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Week 27: Adrenal Dysfunction > Endocrine Hypertension > Flashcards

Flashcards in Endocrine Hypertension Deck (26)
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1

When should you screen for secondary causes of HTN?

Severe or resistant HTN (3+ agents, including a diuretic)
Acute rise
Proven onset before puberty
Age less than 30 with no fam history/obesity
Features suggestive of a secondary cause

2

Causes of secondary HTN

Renovascular disease
Primary renal disease
Sleep apnea syndrome
Coarctation of the aorta
Meds (OCPs, NSAIDs, stimulants, antidepressants)
Endocrine causes

3

Endocrine causes of HTN

Adrenal: pheochromocytoma, primary aldosteronism, Cushing's, etc
Thyroid: hypo (diastolic), hyper (systolic)
Apparent mineralocorticoid excess
Pituitary dependent (acromegaly, Cushing)

4

When should you suspect renovascular disease?

When there is an acute elevation in serum creatinine of at least 30% after administration of ACEI or ARB

5

2 main causes of primary aldosterism

Bilateral idiopathic hyperplasia (60%)
Aldosterone-producing adenoma (35%)

6

Clinical features of primary aldosteronism

HTN (severe)
Hypokalemia and alkalosis
Symptoms of K depletion (fatigue, weakness, muscle cramps, polydipsia/polyuria, paresthesias, headaches, palpitations)

7

3 steps to diagnose primary aldosteronism

1. Case-detection tests (aldosterone to renin ratio)
2. Confirmatory testing (oral Na loading test, IV saline infusion test)
3. Subtype studies (adrenal CT, adrenal venous sampling, genetic testing)

8

Aldosterone to renin ratio

Can help you differentiate among different causes of hypertension and hypokalemia
All meds can be continued except mineralocorticoid receptor antagonists
If aldosterone is high and renin is low, that points to primary aldosteronism

9

Oral sodium loading test

High Na diet for 3 days (goal intake of 5000 mg)
On the third day, a 24 hour urine specimen is collected for measurement of aldosterone, Na, and creatinine
If aldosterone is high, that is consistent with autonomous aldosterone secretion
Similar to what is done with IV saline infusion

10

3 subtype studies for primary aldosteronism

Adrenal CT
Adrenal venous sampling
Genetic testing

11

Treatment for primary aldosteronism

Surgery (unilateral laparoscopic adrenalectomy - may not be a certain cure but BP will improve and hypokalemia is 100% cured)
Pharmacologic: salt restriction, spironolactone, eplerenone

12

Pheochromocytoma vs paraganglioma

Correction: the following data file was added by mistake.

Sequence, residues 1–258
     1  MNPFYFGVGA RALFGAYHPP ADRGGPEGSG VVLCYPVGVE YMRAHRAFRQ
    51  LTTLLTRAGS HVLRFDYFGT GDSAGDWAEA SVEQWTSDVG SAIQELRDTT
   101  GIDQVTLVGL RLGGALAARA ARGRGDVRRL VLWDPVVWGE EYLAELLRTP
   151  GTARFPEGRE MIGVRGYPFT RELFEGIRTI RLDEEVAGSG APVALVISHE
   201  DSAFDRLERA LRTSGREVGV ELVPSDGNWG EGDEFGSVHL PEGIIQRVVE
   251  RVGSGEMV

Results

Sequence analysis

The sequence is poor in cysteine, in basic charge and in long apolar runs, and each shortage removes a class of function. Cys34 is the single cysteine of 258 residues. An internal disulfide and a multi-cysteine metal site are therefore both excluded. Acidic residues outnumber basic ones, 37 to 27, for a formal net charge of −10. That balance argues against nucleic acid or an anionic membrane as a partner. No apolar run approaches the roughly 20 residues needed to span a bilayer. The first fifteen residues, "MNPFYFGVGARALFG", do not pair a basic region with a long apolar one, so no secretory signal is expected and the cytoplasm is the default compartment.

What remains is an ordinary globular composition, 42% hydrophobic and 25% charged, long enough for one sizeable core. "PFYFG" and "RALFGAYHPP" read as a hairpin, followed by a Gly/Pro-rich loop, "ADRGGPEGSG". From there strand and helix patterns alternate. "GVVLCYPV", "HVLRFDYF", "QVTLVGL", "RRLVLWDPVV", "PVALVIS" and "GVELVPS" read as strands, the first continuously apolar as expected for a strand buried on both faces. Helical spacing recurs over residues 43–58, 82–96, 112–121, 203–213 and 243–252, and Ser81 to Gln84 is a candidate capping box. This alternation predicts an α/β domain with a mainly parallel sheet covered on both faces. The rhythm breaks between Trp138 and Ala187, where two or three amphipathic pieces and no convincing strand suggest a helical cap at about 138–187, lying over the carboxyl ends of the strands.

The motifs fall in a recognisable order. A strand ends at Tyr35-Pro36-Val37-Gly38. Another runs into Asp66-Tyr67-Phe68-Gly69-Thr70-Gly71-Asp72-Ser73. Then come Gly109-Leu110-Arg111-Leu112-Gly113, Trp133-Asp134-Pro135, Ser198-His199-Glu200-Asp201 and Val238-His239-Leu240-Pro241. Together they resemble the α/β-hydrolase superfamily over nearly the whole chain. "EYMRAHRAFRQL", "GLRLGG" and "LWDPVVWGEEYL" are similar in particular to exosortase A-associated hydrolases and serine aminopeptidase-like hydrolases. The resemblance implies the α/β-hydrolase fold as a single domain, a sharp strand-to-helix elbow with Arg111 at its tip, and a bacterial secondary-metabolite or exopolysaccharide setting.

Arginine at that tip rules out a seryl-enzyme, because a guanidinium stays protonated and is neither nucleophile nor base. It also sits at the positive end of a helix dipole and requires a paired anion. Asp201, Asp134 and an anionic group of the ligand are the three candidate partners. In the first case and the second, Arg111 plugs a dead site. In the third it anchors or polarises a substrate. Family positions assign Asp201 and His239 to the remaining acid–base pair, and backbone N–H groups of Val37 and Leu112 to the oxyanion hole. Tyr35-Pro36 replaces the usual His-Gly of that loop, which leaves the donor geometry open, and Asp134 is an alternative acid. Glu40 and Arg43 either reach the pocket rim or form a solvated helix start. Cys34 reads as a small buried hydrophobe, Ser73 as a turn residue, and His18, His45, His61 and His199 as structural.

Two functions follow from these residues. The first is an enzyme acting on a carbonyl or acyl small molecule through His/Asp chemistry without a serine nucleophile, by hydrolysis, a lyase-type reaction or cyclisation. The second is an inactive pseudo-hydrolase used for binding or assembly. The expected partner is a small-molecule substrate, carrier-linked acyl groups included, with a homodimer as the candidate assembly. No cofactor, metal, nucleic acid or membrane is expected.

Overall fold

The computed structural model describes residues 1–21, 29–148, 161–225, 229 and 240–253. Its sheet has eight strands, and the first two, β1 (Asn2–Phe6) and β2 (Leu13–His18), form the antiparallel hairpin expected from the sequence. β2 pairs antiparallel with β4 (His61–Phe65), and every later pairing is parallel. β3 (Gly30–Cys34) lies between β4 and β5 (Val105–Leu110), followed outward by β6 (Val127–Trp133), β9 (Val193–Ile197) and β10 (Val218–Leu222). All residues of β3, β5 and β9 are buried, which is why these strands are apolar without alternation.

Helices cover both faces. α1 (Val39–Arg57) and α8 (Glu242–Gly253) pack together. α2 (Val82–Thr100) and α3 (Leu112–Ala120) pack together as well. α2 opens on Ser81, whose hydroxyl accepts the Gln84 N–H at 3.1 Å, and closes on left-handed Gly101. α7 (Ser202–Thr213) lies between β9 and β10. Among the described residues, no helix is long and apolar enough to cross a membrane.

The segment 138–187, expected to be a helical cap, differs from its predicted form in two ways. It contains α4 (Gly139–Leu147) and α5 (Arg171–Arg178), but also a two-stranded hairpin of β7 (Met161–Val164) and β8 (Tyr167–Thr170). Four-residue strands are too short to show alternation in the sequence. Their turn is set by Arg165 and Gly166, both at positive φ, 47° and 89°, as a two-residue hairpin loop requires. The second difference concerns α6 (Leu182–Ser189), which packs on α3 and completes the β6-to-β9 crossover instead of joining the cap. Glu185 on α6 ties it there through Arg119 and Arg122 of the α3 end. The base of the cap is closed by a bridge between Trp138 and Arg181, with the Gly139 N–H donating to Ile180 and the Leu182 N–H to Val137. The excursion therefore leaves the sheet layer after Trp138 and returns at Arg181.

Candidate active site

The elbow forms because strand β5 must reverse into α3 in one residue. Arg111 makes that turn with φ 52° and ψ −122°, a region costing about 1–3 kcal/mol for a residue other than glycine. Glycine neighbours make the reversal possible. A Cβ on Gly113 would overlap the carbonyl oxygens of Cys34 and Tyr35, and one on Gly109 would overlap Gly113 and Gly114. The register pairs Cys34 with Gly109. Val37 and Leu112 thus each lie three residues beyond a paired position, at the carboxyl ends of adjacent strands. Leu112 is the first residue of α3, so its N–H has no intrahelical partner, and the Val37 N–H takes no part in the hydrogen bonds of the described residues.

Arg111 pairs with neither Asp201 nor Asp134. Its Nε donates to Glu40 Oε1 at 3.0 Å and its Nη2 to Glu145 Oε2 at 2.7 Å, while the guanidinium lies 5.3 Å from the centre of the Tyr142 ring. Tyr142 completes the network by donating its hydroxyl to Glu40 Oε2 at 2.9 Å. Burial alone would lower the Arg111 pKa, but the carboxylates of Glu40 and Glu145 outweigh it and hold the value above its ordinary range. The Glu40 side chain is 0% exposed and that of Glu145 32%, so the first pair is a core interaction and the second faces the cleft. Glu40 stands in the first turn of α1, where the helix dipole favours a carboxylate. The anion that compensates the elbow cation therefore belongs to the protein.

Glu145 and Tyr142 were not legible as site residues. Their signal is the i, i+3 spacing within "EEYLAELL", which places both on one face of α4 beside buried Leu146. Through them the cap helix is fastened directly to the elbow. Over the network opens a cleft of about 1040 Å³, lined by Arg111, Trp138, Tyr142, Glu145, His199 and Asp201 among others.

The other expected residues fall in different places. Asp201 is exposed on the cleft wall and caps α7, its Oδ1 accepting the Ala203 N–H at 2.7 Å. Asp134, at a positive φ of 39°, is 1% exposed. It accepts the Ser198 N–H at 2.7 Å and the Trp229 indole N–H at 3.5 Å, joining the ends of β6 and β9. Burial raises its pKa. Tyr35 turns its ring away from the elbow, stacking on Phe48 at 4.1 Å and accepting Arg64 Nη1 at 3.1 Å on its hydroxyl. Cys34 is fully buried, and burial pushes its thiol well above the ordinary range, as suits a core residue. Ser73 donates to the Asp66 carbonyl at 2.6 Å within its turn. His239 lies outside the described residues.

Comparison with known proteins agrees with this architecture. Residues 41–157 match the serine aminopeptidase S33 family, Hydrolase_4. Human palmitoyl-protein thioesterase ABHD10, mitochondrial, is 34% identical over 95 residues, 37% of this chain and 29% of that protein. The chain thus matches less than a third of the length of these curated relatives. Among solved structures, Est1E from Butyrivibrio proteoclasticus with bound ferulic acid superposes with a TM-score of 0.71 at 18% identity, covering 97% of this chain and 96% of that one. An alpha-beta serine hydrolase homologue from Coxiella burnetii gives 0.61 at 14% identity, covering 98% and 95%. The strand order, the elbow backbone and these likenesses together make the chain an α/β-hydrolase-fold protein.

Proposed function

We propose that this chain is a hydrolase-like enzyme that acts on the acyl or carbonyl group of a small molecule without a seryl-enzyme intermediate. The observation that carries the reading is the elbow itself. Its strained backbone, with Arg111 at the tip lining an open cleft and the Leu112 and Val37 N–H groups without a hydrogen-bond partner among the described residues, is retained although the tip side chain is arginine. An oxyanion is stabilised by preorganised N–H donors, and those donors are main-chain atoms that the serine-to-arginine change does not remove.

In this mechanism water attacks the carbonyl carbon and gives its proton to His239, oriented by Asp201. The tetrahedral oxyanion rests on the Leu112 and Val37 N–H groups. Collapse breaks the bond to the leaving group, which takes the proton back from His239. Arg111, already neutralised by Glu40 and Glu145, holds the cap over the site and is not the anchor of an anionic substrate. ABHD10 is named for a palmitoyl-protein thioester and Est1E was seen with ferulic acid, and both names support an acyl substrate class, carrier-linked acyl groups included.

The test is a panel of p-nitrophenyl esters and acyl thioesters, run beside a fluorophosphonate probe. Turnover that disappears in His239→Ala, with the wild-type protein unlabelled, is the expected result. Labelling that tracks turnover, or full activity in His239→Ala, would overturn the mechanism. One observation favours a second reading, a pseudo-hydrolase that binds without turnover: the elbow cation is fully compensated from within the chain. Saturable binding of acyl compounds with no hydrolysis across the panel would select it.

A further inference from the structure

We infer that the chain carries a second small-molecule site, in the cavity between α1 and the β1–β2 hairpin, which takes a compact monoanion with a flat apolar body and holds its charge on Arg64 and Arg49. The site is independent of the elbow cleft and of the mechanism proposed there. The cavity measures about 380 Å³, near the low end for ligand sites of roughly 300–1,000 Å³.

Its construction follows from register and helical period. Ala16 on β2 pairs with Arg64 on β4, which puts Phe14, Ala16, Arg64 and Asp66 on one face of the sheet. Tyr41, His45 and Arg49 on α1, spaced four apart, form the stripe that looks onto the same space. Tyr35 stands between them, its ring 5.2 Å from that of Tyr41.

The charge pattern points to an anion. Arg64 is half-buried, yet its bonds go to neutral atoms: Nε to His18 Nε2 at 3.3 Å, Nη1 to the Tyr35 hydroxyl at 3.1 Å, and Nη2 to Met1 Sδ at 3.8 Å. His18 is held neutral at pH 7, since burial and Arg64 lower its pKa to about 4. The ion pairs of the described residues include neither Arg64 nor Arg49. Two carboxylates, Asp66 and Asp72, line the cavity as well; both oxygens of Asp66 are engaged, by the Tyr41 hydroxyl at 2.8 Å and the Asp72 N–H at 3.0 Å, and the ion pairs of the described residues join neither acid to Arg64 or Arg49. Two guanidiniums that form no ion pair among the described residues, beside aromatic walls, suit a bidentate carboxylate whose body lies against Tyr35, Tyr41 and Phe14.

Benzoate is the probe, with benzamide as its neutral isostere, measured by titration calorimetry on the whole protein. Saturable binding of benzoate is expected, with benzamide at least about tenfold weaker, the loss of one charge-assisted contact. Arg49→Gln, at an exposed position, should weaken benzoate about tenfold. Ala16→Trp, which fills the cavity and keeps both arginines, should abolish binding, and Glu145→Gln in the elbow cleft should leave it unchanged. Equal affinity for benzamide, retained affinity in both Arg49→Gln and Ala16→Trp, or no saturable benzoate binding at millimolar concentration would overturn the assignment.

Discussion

Both are tumors of chromaffin cells that secrete catecholamines
Just depends where they are
Pheo: adrenal
Para: extra-adrenal

13

5 clinical features of a pheochromocytoma (and what is the most important)

Pressure
Pain (headache)*
Perspiration*
Palpitation*
Pallor
Paroxysms are technically the 6th P

14

Paroxysms

"Spells" in pheo
10-60 min duration
Daily to monthly
Spontaneous
Precipitating factors: diagnostic procedures, drugs, strenuous exercise, micturition (in a bladder paraganglioma)

15

How can you get hypotension with a pheo?

Orthostatic/paroxysmal hypotension
From ECF volume contraction
Loss of postural reflexes due to prolonged catecholamine stimulation
Tumor release of adrenomedullin (can cause vasodilation)

16

Signs and symptoms of a Pheo

Nausea and vomiting
Abdo pain
Severe constipation
Chest pains (anxiety, angina/MI with normal coronaries)
CHF
Cardiac dysrhythmia and conduction defects
Hypercalcemia
Mild glucose intolerance
Lipolysis

17

4 tests to diagnose pheo

Urinary metanephrines
Urinary catecholamines
Plasma nephrines
Plasma catecholamines
Both urine tests are better than plasma metanephrines

18

2 types of drugs that alter catabolism metabolism

Amphetamines
Tricyclics

19

Chromogranin A

Specific diagnostic test in the DDx of pheochromocytoma
Good sensitivity, poor specificity
If its negative its helpful, not so much if its positive

20

Clonidine suppression test

Distinguishes between pheo and false positive increases in plasma catecholamines and metanephrines
Clonidine is a centrally active alpha 2-adrenergic receptor agonist that normally suppresses the release of catecholamines from neurons but does not affect the catecholamine secretion from a pheo
Plasma cat will decrease in primary HTN, not with pheo

21

What is the imaging modality of choice in pheo?

CT

22

When should genetic testing be considered

Paraganglioma
Bilateral adrenal pheochromocytoma
Unilateral adrenal pheo and a fam history of pheo or para
Unilateral adrenal pheo onset at a young age
Clinical findings suggestive of any familial pheo syndromes

23

3 main findings in Von Hippel-Lindau disease

Pheochromocytomas
CNS hemangioblastoma
Retinal Hemangiomas

24

3 P causes of multiple endocrine neoplasia (MEN)

Parathyroid (primary hyperpara)
Anterior pituitary tumors (prolactinoma, GH secreting, ACTH secreting, etc)
Pancreatic islet tumors (gastrinoma, insulinoma, etc)

25

Treatment of pheo

Surgery (adrenalectomy)
Make sure BP is stabilized before

26

Why do you need to give alpha blockers before beta blockers before treating pheo?

Giving beta blockers first would cause vasoconstriction
Patients can get a hypertensive crisis